These experiments confirm that ad libitum feeding in rats has an endogenous circadian rhythm, as previously inferred from raster plots, LD feeding niche preferences and other data (10, 49, 56–58, 60, 64, 68, 71–75, 80, 87, 92, 98). However, our findings also demonstrate that circadian rhythms of feeding cannot be determined from LD measures alone but must also be studied under constant illumination (LL or DD). Use of both raster plots and periodograms combined with appropriate experimental design enables detection of valid rhythms and proper interpretation of disrupted rhythms (70).
Our work suggests that both the Arc and the SCN are required for generation and maintenance of endogenous feeding rhythms and for entrainment of these rhythms to the LD cycle. These findings are supported by work showing, respectively, that the Arc contains molecular clocks (1) that are reset in response to restricted meals (54) or fasting (32) and by the well-established finding that the SCN contains clocks that respond to photic cues. These results, therefore, add to the Arc's many roles an underappreciated functional circadian relationship with the SCN (60, 68, 78), as well as revealing an essential role for the Arc in maintaining circadian rhythms of ad libitum feeding independent of light entrainment.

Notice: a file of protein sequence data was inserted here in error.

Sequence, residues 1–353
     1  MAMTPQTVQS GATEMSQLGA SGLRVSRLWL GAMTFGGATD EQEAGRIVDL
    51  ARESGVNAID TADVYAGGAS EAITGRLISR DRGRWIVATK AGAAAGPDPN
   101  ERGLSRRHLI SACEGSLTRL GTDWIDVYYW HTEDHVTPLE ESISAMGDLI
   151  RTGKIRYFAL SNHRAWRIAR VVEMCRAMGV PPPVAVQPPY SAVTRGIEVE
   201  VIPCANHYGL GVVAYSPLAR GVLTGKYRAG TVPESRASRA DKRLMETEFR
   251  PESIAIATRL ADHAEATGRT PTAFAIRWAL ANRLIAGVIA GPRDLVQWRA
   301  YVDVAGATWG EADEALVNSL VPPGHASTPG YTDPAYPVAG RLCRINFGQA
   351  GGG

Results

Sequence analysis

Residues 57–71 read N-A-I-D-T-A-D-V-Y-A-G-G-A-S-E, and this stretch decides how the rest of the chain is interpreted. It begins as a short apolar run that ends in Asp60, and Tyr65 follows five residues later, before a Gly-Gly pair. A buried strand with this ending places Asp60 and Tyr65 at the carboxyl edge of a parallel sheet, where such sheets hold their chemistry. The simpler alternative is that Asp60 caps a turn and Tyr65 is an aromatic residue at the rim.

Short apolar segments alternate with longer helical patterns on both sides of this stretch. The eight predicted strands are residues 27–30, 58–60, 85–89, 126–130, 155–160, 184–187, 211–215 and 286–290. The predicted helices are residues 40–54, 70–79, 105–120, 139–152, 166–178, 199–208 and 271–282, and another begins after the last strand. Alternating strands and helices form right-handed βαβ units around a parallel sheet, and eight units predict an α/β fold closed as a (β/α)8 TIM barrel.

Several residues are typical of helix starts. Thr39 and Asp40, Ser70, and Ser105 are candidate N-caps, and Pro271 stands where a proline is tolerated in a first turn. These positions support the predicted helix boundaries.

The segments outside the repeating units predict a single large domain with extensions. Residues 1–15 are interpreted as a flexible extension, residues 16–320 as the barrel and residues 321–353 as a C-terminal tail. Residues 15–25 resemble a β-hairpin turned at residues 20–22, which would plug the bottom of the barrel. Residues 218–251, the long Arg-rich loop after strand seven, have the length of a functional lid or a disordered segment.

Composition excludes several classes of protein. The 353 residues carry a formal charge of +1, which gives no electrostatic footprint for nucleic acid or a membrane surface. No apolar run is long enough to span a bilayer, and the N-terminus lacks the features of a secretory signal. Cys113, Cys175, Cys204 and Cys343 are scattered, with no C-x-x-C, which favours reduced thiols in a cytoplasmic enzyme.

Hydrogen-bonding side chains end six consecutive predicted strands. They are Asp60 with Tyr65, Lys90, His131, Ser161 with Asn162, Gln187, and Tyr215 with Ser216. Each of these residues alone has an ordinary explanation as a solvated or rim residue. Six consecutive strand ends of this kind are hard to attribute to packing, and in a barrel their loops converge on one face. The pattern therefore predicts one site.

Perspectives and Significance
Demonstration that circadian rhythms of ad libitum feeding require both the SCN and the leptin-sensitive network of the Arc suggests an important but neglected interaction between these two nuclei in rhythm generation. The anatomical circuitry mediating this interaction and the specific role of endogenous oscillators within the Arc require further elaboration. A more complete appreciation of the contributions of leptin, hyperphagia, and obesity in rhythm dysfunction will be of value in understanding pathological states such as metabolic diseases and diabetes that are associated with altered rhythms (53).
This work was supported by Public Health Service Grants DK-40498 and DK-81546 to S. Ritter and DA-023202 to H. T. Jansen.
No conflicts of interest, financial or otherwise, are declared by the authors.
Author contributions: A.-J.L., M.F.W., and S.R. conception and design of research; A.-J.L., M.F.W., M.T.O., B.R.S., Q.W., T.T.D., and B.L.R. performed experiments; A.-J.L., M.F.W., and H.T.J. analyzed data; A.-J.L., M.F.W., and S.R. interpreted results of experiments; A.-J.L. and M.F.W. prepared figures; A.-J.L. drafted manuscript; A.-J.L., M.F.W., H.T.J., and S.R. edited and revised manuscript; A.-J.L., M.F.W., and S.R. approved final version of manuscript.
- Copyright © 2012 the American Physiological Society